Writer-by-the-Sea   >  Portfolio   >  Smith River

 Smith River Project > Changes in the Estuary, Lower River, and Lower Tributaries

Chapter 6 -- Changes and Trends in Stream Habitat and Fisheries (continued)

Changes in the Estuary, Lower River, and Lower Tributaries

After the most recent ice age, sea level increased steadily until 3000 to 6000 years ago, and then stabilized within five meters of its present elevation (Burke personal communication 1996). So the Smith River estuary has existed in its present location for only 3000 to 6000 years, which is very recent in geologic time scales.

After sea level stabilized, there was probably occasional upheaval over the centuries. Considering the geologic evidence in other coastal bays of the region, it is likely that the estuary subsided by one or two meters following major earthquakes on nearby faults. This causes sudden inundation and alteration of shoreline vegetation and other features. Also the estuary has probably been hit by tsunamis several times over the last several thousand years.

Early written records of the coastal rivers of the Pacific Northwest describe the original wild rivers. The main river channels were composed of large networks of sloughs, beaver ponds, driftwood dams, swamps, and grass marshes. Flooding was frequent due to beaver dams, accumulated sediment, fallen trees, and living vegetation in the channels.

Early accounts describe an unbelievable abundance of large woody debris in the rivers. For instance, in the Willamette River in Oregon, government crews recorded the number of instream trees that were pulled from the river to allow navigation. Some 5,500 trees were pulled from a fifty-mile stretch of river. The logs had diameters of five to nine feet and were from 90 to 120 feet long. Lower main channels of some rivers were completely impassable due to log jams. An especially large driftwood jam on the Skagit River covered about 120 acres (Sedell et al. 1988).

Possibly the lower Smith River and estuary had similar conditions prior to major modifications. Although the following description of the estuary from 1881 (Bledsoe 1881) probably occurred after some modification, it describes a complex estuary that contrasts with present conditions. "Near [the mouth of Smith's River] are a number of sloughs, branching out from right and left." "Sloughs... branch out from the river on either side, and form a network of safe harbors in which logs could be confined. ...There is very little current in the sloughs even during the highest freshets." "A smooth level beach affords excellent facilities for hauling seines, and ...there are no rapid currents or obstructing drifts."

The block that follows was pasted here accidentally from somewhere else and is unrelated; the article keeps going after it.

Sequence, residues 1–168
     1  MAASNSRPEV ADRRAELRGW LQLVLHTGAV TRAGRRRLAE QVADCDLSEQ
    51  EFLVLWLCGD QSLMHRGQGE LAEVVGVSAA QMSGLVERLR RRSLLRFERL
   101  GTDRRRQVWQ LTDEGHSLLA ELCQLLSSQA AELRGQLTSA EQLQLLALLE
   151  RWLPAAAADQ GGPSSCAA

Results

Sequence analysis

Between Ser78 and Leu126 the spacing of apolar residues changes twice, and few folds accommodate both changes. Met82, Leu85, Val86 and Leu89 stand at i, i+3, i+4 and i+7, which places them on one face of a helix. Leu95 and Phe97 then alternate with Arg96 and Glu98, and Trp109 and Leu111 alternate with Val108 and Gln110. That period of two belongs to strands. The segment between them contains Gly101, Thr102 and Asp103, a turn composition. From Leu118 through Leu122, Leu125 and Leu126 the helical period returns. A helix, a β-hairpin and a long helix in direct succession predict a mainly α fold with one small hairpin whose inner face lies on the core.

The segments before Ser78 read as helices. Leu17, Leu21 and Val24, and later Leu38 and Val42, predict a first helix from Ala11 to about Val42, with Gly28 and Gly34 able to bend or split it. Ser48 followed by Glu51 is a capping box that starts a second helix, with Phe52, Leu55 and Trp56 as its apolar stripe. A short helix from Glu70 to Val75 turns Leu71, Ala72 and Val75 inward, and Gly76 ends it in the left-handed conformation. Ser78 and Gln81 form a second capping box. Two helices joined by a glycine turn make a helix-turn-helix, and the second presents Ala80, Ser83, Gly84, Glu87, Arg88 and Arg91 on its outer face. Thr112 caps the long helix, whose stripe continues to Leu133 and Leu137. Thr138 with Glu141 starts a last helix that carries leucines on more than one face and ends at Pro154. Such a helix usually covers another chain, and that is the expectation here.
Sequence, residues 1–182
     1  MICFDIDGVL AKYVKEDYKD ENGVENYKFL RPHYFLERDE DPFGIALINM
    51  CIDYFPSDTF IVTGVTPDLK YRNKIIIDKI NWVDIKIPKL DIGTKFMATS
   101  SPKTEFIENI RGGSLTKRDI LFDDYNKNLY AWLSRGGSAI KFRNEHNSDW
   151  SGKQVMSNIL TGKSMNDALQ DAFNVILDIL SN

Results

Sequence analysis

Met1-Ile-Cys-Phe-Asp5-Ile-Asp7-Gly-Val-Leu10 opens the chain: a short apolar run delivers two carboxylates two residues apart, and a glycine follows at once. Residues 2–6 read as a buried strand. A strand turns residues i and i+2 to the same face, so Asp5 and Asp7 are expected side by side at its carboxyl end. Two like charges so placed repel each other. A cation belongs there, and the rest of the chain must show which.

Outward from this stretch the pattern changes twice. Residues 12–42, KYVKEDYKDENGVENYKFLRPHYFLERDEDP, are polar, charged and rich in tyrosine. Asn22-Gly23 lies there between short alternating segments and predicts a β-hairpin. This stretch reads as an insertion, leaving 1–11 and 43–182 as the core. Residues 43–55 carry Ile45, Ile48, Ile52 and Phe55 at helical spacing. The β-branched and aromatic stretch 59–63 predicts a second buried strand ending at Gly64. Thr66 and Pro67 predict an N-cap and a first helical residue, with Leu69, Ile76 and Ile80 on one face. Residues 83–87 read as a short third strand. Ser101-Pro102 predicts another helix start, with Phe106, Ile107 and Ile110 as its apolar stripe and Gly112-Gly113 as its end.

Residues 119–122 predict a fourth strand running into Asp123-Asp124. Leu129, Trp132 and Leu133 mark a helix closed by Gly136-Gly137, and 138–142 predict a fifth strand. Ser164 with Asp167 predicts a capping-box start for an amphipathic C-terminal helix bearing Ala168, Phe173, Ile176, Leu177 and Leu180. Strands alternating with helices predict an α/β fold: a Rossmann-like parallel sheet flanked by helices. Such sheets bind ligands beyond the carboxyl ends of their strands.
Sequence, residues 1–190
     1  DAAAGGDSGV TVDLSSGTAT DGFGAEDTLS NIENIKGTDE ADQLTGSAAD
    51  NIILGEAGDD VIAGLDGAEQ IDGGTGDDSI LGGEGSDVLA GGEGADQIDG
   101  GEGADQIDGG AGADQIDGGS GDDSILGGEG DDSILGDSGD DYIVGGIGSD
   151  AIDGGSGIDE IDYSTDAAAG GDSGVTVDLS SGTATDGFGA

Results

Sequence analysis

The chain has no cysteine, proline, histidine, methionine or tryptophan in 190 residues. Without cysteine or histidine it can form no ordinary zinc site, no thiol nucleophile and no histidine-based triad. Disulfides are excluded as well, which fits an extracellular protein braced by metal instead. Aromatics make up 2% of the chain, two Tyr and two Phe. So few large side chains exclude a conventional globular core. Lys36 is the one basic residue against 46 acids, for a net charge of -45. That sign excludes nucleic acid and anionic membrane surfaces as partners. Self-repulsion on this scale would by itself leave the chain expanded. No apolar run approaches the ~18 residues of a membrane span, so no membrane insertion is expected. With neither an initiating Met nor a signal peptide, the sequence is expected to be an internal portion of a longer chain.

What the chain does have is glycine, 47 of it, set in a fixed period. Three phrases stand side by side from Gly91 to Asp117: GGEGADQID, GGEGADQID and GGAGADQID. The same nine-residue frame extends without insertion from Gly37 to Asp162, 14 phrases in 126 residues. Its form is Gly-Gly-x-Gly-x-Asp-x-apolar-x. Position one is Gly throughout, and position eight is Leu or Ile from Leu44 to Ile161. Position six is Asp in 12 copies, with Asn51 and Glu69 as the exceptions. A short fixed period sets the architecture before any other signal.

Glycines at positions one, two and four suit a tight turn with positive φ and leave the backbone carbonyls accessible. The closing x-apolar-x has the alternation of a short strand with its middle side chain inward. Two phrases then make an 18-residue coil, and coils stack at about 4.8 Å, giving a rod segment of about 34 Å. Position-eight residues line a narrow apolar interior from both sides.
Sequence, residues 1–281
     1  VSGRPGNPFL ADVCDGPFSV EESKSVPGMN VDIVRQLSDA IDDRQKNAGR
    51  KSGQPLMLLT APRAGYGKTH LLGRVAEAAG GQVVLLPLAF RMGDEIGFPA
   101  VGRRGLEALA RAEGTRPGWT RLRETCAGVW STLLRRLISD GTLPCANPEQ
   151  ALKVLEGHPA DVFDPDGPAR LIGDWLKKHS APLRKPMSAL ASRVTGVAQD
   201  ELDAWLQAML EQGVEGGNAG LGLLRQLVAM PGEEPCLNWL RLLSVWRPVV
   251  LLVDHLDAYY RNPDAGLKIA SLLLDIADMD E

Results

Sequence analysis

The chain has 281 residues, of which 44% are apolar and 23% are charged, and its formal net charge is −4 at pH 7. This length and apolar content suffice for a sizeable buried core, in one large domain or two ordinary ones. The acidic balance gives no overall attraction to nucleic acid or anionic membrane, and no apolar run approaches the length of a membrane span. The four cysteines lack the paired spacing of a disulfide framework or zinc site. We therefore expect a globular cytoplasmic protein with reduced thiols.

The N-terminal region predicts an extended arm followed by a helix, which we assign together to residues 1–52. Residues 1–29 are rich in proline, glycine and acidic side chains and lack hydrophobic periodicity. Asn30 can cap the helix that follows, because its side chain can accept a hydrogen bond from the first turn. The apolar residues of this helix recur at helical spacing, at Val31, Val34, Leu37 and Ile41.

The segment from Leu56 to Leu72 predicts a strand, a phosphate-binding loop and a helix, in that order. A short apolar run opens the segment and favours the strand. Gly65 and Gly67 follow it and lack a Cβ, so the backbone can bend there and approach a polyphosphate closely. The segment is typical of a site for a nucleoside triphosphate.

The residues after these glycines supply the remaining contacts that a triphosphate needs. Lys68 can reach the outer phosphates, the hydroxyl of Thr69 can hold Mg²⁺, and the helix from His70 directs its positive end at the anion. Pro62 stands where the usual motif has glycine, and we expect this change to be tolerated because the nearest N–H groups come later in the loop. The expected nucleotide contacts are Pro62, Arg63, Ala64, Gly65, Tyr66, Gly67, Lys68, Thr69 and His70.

The estuary and lower river were modified to expedite navigation, transportation, logging, and agriculture. Eventually these modifications included channelizing, diking, removing woody debris, and possibly dredging. Perhaps channels of some lower tributaries were used as log hauling routes. Levees were constructed and riparian forests dwindled. Floods in 1955 and 1964 decreased pool depths in larger streams and the estuary. Overall these changes greatly reduced habitat diversity and instream cover complexity in the lower river and estuary (McCain et al. 1995). In particular, it appears that there has been a great loss of connectivity between Rowdy Creek and the estuary.